During one of their first launches for Copy School, the big value proposition for the launch was “become the most profitable person in the room.” And that was really interesting for me as a copywriter who was learning from them. It grabbed my attention because it it stated the desire to want to to be able to write words that make money or make sales, but they stated it in a really compelling way.


Another example comes from my own work.

I was working with a client who was selling a program that taught people how to build their own stock portfolios. One of the outcomes for wanting to do that, which we found in the research, was passive income: to build your own stock portfolio to generate passive income.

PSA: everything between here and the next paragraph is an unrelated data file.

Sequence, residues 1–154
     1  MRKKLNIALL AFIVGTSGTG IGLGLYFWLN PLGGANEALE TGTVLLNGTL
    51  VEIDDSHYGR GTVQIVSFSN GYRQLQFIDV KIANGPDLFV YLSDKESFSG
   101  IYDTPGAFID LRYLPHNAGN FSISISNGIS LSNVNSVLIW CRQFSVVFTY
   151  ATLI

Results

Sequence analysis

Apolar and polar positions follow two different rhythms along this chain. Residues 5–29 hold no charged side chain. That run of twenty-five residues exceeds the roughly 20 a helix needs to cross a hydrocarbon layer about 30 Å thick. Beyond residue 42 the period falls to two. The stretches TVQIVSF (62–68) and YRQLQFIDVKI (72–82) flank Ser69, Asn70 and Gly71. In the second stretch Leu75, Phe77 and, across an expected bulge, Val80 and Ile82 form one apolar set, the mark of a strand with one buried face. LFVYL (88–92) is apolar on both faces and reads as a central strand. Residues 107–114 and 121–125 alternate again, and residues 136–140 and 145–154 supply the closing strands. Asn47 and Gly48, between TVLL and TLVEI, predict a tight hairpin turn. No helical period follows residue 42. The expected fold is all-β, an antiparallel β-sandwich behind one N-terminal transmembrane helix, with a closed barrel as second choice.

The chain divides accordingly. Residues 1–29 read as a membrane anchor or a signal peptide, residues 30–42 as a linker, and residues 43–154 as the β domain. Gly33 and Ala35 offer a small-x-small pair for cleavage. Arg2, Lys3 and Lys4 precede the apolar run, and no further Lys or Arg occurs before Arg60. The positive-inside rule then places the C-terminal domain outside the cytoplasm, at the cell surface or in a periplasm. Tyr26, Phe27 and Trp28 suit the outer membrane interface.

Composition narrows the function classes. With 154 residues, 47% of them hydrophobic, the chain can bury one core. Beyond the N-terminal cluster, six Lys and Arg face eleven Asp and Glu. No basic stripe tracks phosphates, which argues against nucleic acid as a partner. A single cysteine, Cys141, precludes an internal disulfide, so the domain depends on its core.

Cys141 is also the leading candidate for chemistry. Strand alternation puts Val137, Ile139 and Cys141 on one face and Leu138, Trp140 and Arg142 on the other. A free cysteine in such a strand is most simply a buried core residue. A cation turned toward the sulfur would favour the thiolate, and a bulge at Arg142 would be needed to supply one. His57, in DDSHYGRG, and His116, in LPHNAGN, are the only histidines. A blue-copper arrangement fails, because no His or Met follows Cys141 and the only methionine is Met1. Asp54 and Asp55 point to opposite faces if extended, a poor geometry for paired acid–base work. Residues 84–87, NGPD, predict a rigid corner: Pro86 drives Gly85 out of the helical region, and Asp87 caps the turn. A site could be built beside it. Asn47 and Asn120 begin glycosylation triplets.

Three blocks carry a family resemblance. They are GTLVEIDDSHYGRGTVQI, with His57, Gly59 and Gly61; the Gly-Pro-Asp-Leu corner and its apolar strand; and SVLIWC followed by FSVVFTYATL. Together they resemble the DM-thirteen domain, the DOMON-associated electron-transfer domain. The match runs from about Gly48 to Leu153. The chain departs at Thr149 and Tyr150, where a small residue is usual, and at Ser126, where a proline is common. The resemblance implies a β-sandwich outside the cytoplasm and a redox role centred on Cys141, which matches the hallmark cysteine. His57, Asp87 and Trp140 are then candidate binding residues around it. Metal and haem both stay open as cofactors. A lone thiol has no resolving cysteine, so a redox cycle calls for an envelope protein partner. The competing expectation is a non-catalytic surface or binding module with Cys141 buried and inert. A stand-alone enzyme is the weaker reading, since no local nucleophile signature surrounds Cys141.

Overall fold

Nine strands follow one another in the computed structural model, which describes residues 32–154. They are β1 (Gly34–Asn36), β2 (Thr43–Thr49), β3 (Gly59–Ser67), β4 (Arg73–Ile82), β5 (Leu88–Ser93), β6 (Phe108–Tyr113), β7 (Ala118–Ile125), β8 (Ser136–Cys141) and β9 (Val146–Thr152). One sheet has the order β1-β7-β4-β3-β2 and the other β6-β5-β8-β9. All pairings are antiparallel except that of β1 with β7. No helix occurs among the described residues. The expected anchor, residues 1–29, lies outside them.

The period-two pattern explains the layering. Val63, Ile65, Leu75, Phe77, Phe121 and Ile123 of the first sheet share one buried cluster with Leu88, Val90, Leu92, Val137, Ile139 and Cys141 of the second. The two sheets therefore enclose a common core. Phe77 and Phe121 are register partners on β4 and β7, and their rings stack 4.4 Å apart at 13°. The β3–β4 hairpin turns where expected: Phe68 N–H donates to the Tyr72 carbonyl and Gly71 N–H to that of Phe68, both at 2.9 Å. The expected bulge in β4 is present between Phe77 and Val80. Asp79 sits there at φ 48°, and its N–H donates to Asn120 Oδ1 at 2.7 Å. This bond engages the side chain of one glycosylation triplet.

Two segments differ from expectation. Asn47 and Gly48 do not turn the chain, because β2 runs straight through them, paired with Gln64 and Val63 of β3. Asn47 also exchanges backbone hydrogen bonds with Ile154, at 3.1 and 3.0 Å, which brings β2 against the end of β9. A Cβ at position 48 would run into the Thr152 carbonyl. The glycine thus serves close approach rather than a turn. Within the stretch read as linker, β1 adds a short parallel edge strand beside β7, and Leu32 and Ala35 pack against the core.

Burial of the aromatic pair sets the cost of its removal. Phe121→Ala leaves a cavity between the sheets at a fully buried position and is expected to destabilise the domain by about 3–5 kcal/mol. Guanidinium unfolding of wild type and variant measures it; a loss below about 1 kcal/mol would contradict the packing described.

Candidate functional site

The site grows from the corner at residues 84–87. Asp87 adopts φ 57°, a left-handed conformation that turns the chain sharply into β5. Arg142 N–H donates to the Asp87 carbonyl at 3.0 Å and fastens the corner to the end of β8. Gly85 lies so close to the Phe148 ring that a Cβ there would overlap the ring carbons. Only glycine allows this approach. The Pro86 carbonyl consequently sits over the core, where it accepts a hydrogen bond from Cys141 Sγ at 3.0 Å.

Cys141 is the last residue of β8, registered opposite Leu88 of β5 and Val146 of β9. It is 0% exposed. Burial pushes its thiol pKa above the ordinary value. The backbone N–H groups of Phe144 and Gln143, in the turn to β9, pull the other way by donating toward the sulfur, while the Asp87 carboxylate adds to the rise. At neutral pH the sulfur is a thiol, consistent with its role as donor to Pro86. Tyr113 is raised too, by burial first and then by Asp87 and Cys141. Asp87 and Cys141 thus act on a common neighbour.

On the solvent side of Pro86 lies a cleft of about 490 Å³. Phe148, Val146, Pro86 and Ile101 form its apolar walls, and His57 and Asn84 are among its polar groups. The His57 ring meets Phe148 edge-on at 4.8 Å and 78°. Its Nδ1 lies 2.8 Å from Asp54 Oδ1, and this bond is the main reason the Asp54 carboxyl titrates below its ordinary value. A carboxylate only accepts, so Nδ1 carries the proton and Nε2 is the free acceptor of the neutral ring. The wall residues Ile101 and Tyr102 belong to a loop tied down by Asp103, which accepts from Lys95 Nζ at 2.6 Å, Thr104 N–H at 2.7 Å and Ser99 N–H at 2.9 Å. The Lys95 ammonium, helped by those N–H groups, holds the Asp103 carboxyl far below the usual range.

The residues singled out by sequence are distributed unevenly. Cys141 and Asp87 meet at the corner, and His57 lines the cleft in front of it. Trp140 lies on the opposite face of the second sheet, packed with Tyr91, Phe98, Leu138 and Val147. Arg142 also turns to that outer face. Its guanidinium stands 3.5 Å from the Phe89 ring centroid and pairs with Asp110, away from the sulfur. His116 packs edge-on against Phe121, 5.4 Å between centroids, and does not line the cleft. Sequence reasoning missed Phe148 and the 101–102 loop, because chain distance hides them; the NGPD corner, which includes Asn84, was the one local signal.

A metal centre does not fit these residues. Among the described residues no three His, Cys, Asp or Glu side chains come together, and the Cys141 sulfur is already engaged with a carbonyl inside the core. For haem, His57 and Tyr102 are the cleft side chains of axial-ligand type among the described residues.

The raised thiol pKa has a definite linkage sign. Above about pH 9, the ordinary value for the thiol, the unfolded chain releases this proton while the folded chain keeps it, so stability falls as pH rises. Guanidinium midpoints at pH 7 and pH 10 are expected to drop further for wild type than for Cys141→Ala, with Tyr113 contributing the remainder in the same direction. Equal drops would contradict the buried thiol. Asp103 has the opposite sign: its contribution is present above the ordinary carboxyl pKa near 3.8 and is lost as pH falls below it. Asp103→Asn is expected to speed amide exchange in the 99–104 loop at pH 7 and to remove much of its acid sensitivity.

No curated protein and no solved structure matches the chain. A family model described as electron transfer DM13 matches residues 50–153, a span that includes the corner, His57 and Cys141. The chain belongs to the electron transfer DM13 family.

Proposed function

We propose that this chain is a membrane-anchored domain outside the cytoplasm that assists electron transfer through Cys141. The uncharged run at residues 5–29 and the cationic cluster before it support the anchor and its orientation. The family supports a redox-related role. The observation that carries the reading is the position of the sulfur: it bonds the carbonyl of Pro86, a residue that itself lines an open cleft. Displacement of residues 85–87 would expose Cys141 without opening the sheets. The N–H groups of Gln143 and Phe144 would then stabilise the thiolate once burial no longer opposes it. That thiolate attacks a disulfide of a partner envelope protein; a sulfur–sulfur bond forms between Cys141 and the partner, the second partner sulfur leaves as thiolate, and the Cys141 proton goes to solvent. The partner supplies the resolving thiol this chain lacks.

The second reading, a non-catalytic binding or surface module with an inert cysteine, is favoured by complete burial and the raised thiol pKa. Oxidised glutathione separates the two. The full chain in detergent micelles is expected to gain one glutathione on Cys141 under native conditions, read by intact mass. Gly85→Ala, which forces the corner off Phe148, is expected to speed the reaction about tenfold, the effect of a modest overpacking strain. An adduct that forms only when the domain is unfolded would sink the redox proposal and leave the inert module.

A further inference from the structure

Now that’s true. And it is a little compelling, right? But it’s still… we could push it further. So one of the value propositions on the page ended up being “build a stream of wealth you don’t have to work for,” which is simply a more compelling way to say build a stock portfolio that generates passive income.


And for another example from my work, I was helping a coach sell a leadership skills training.

Instead of just saying, you know, build leadership skills or build confident leadership skills, we knew that part of that was also being seen as a confident leader. There was a social aspect to it, and so one of the value propositions that we used on that sales page was “build leadership skills the whole organization can feel”

That statement taps into the social aspect of wanting to be a stronger leader. And we knew that it was important on three different levels. They wanted to be seen as a strong leader by their team, by their peers, and by their superiors. By saying “leadership skills the whole organization could feel,” we actually tapped into all of those levels.